success with this technic.
  Hypoxic or hypercarbic stimulation of respiration is not seriously affected
following usual doses of ketamine.  Pharyngeal and laryngeal reflexes are
retained, and, while the cough reflex is depressed, airway obstruction does
not normally occur.  Airway resistance is in fact decreased, and bronchospasm
may be abolished.  Arterial {*filter*} pressure increases by as much as 25% and
cardiac output and rate increase.  When myocardial tissue is exposed to
ketamine in vitro, depression of contractility occurs.  The stimulation
observed in vivo is attributed to increased sympathetic activity.  When
ketamine is used to induce anesthesia in hypovolemic patients, hypotension
may occur, but the incidence is less than when inhalation agents are used.
Cerebral {*filter*} flow, metabolic rate, and intracranial pressure are augmented.
  Recovery.  Unlike the conventional intravenous agents, ketamine does not act
primarily on the reticular activating system in the brain stem; rather, it
acts on the cortex and the limbic system.  Perhaps this is the reason that
recovery after ketamine has some unusal features.  Awakening often requires
several hours and is not infrequently characterized by disagreeable dreams and
even hallucinations.  Sometimes these unpleasant occurrences may recur days or
weeks later.  Almost half of {*filter*}s over the age of 30 years exhibit delerium
or e{*filter*}ment, or experience visual disturbances.  The incidence of such
adverse psychological experiences is greatly reduced in children and young
{*filter*}s.  It is thought that the incidence of such unpleasant effects can be
lowered by the prior administration of morphine and scopolamine and by the
substitution of diazepam or thiopental for the last dose of ketamine.
  Status.  Ketamine hydrochloride is not indicated for patients with
hypertension or psychiatric disorders.  Intraocular pressure is increased with
ketamine and, therefore, its use is not advisable for many types of eye
surgery.  It can be employed for indiction of anesthesia, or, in combination
with nitrous oxide, to produce adequate general anesthesia.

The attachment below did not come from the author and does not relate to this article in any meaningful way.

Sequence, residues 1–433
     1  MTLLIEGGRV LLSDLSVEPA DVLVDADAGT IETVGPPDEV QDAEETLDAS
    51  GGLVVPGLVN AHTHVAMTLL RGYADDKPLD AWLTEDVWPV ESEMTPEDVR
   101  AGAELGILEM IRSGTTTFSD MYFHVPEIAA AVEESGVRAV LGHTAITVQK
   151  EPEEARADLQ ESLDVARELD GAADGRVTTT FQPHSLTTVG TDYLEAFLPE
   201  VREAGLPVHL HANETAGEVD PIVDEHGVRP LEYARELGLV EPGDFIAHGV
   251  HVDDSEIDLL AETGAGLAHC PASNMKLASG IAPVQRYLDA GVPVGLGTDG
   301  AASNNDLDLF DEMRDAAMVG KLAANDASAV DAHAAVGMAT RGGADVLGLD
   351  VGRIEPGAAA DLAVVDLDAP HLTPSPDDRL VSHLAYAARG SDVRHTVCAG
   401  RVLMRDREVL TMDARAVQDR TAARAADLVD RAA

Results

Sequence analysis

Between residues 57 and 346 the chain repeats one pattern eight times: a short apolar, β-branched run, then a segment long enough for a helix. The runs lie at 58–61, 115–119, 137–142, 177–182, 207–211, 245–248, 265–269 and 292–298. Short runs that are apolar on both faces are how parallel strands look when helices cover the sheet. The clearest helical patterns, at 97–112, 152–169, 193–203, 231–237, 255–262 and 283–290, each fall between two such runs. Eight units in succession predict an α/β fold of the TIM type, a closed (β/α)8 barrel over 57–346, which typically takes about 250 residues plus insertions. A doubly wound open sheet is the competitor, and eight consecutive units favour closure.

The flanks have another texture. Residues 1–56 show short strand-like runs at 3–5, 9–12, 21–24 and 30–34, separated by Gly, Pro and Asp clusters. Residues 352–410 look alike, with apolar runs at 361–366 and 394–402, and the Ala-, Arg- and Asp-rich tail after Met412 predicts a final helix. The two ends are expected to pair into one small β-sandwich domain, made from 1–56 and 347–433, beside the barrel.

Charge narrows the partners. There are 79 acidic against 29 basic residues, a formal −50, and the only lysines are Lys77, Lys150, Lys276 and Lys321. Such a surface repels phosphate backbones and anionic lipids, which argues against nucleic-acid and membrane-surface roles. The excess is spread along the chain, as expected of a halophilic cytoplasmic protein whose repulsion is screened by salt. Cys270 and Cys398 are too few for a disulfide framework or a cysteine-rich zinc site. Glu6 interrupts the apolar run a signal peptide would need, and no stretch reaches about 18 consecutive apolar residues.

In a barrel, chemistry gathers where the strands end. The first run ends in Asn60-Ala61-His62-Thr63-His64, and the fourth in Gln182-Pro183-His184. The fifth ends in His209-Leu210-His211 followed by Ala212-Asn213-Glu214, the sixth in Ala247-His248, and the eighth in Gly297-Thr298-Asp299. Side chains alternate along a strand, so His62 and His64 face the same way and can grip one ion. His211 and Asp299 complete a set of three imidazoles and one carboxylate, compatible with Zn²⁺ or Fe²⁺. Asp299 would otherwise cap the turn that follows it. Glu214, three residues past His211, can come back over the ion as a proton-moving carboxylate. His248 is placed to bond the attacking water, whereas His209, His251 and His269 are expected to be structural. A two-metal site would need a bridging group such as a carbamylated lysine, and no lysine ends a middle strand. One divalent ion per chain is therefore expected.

Ketamine is especially useful in children for the management of minor
surgical or diagnostic procedures or for repeated procedures that require
intense analgesia, such as changing burn dressings.  When the burns involve
the face and neck, the maintenance of an unobstructed airway with ketamine
makes it a valuable agent.
------------------------------------------------------------------------------
My previous posting on this subject was based on Anesthesia and the Brain by
John D. Michenfelder, M.D., Professor of Anesthesiology, Mayo Clinic and Mayo
Medical School, Rochester, Minnesota, 1988.  Curiously, Dr. Michenfelder says:

"Ketamine . . . was introduced as a general anesthetic in 1957 but never
received approval for human use (although it is commonly used in animals).
Failure to gain approval for human use was because of the high incidence of
convulsions as well as the occurence of psychotic reactions with vivid
hallucinations during emergence from the anesthetic effects."

"In cats, Kayama showed that ketamine, 3.5 mg/kg, stimulated cortical activity
but that this effect could be blocked by destruction of the mesencephalic
reticular formation.  Accordingly, it was concluded that ketamine acts via
the ascending reticular activating system."

MICHENFELDER and GOODMAN/GILMAN APPEAR TO DISAGREE ON BOTH OF THESE POINTS.  
DOES ANYONE HAVE AN EXPLANATION FOR THIS DISAGREEMENT?  (1) KETAMINE IS/IS
NOT APPROVED FOR USE IN HUMAN SUBJECTS?  (2) KETAMINE ACTS VIA THE ASCENDING
RETICULAR ACTIVATING SYSTEM?  CAN BOTH REFERENCES BE CORRECT?  IF SO, HOW?
------------------------------------------------------------------------------
My own observations of the effect of ketamine on the affective state of rats,
rabbits, and monkeys would lead me to be very reluctant to even attempt use
in human subjects.  Such animals exhibit markedly changed behavior for many
days after ketamine anesthesia.  However, I would be very interested in more
information about the extent of clinical use of ketamine in humans today.  I
would also be very interested in personal accounts of ketamine experiences
in non clinical settings (including dose, method of administration, onset of
effects, emergence phenonema, personality changes, and delayed after effects).


Neuroscience Program
Hedco Neuroscience Building, Room 534A
University of Southern California
University Park
Los Angeles, CA 90089-2520
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Mon, 19 Apr 1993 09:52:00 GMT
 LSD Variants; Naming (was Re: LSD, LMD..say what?)

Quote:
>MICHENFELDER and GOODMAN/GILMAN APPEAR TO DISAGREE ON BOTH OF THESE POINTS.  
>DOES ANYONE HAVE AN EXPLANATION FOR THIS DISAGREEMENT?  (1) KETAMINE IS/IS
>NOT APPROVED FOR USE IN HUMAN SUBJECTS?

Ketamine has been approved for use in humans for almost 20 years.
The drug was recently discussed in alt.{*filter*}.

--
Steve Dyer




Mon, 19 Apr 1993 15:41:00 GMT
 
 [ 5 post ]